This past month, as I was wading through a most unhappy novel (The Girl With the Dragon Tattoo),* I found occasional light-hearted relief from that book's heavy themes with its occasional references to beloved children's author Astrid Lindgren (of Pippi fame). Lindren had nothing at all to do with the plot of the novel (thank goodness!), but I found the mere mention of her name uplifting. Once I finished with the novel and needed something jolly and quick to read, I scooped up my childhood copy of Pippi Longstocking and devoured its happiness immediately. A quick jump on the library website revealed that Lindgren is a prolific author and there are several translations of her books in our local system. I checked-out one at random.
I was looking forward to a break from the fear, torture and death that Dragon Tattoo was all about. Coming off of Pippi I figured that all of Lindgren's books would mean happy, bubbly, nonsensical fun. Ummm... turns out The Brother's Lionheart, which is the book I ordered from the library, is NOT that book.
I find it very strange that the cover art for the edition I borrowed from our library, with its rugged and ominous landscape and dreadful monsters, is practically no where to be found online. (I did eventually find one photo: you can see it here on Amazon). Instead, the only book cover I could easily find is this one below.
The two are quite different! The first reflects (accurately) that the story is an adventure (or, a "saga" as the translation puts it), but the more popular cover would make a reader assume it's a peaceful storybook.Which it is not.
Without giving too much away (you can go to Wikipedia to read spoilers) I can tell you that accidental deaths of children, a child born with a crippling and degenerative disease, transfiguration of the soul/reincarnation, and suicide are all essential parts of this novel. Wow!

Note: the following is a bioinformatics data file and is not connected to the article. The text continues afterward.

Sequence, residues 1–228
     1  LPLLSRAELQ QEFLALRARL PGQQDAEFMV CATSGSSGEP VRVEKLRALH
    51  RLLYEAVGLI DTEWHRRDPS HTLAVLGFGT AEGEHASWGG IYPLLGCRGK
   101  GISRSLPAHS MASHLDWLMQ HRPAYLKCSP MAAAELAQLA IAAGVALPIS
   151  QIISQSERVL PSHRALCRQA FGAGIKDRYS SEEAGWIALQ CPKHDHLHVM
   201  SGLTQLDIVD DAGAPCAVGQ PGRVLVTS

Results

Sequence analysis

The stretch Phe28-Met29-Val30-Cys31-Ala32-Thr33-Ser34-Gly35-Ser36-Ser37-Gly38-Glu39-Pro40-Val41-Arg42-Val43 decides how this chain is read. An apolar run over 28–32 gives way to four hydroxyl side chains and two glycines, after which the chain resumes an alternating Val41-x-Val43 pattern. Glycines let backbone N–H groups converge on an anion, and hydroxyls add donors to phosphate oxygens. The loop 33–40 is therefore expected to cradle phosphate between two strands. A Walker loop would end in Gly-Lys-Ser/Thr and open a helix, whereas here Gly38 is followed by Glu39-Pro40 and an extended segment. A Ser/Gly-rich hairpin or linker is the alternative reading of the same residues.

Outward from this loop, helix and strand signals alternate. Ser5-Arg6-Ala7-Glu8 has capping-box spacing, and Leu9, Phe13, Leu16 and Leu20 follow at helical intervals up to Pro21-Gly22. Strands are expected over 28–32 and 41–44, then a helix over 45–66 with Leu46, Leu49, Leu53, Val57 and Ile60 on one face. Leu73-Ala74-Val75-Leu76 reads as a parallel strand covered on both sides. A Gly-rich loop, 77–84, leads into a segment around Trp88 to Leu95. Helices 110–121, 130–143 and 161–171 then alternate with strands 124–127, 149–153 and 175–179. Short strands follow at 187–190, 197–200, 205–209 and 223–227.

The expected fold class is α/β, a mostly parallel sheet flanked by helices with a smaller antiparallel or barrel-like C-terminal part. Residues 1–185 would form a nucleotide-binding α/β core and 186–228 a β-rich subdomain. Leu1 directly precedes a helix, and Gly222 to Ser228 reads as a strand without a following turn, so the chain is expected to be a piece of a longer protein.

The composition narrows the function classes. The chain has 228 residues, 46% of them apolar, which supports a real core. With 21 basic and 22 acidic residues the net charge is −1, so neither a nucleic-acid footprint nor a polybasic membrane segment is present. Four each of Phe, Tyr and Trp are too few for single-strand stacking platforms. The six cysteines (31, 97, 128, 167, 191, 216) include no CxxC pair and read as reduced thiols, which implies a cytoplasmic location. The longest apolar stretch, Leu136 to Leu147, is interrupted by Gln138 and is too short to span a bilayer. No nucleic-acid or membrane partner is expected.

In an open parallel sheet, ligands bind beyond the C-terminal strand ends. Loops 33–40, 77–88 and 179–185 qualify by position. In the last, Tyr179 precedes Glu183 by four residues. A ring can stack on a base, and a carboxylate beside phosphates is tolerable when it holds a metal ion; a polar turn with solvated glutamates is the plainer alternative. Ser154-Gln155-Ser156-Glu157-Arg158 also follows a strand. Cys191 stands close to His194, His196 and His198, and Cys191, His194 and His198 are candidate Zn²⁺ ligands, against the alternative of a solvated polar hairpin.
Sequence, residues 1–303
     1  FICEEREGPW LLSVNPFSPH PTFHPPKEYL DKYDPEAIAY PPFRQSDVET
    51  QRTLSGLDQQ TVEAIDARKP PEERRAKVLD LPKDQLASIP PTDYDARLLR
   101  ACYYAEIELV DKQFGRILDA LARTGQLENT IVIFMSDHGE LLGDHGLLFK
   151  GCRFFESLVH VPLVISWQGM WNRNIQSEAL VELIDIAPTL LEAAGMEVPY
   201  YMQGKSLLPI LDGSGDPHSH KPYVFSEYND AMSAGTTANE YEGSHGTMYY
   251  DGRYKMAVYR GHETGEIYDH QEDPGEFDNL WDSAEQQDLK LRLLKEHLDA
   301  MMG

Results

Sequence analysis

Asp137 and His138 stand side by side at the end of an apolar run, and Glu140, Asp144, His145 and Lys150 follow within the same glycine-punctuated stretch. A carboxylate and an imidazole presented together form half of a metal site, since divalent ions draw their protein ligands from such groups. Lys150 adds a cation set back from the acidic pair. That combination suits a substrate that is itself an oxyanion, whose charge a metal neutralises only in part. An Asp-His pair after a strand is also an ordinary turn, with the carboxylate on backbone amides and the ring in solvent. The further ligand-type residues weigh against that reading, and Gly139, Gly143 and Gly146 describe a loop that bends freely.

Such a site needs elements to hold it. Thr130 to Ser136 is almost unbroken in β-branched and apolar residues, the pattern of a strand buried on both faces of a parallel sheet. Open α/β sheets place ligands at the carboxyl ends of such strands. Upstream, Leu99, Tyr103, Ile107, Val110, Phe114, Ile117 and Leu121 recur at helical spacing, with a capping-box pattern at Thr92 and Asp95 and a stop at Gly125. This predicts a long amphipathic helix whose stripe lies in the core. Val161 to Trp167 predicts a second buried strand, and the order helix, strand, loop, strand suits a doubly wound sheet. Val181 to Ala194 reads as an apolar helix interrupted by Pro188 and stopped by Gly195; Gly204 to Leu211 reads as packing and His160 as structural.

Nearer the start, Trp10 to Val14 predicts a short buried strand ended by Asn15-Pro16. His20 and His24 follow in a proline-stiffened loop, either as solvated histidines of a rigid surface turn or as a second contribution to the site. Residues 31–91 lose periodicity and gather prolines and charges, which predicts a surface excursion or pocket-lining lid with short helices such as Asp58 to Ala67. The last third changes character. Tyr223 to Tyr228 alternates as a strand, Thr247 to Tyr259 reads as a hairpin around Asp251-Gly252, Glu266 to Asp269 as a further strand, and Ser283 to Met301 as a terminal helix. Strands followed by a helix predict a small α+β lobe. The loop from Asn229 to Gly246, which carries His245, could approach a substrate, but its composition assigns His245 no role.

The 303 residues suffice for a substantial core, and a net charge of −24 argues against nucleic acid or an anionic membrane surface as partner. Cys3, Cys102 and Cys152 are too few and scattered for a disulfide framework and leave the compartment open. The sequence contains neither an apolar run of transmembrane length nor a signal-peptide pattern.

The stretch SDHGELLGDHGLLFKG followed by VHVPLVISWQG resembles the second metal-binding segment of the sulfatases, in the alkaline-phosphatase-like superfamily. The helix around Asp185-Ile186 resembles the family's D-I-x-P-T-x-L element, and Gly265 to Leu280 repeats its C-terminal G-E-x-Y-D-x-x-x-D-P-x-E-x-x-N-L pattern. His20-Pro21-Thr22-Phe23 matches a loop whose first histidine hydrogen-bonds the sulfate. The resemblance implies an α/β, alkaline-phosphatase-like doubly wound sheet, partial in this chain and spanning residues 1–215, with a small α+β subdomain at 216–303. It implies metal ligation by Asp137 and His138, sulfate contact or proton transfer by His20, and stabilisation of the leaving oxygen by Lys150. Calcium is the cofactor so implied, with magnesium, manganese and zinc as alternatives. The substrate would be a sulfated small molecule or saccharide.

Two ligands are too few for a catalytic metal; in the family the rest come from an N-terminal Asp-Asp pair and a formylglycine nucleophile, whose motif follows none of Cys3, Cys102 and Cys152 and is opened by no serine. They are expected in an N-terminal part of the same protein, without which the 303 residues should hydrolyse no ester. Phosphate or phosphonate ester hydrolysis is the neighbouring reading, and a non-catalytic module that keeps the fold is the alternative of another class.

I think it's safe to say that the book's themes are far heavier than are most written for young readers and when you think about when Lindgren published this novel (the 70's) I'm amazed by both her faith in children (faith that they were ready for such a tale) and by the audacity of her publishers (they must have received some flack for this). After finishing The Brothers I imagined that no children had ever really "gotten" this read, but after I poked around on http://www.goodreads.com/ I found many reviews from readers claiming this was their favorite book when they were little. So, okay. Maybe at 33 I've already forgotten what it was like to be a young reader, excited to be trusted with adult themes. Maybe I forget how ready children can be for big ideas. I don't know.
I will not be rushing out to add this book to our home library, but if Uli picks it up in ten years, at least I'll be more prepared for the questions she might ask. It's intense, but interesting. And if the Goodreads folk are speaking the truth, it maybe be an essential read for the pre-teen. (I don't get that, but I'm no longer a pre-teen so there's probably a lot I don't remember about that age.)
*(Note: if you liked Brad Pitt's film Seven you'll enjoy the book. If you felt haunted and or mentally scarred by that movie avoid Dragon Tattoo at all costs; both stories evoke similar feelings in the reader/viewer.)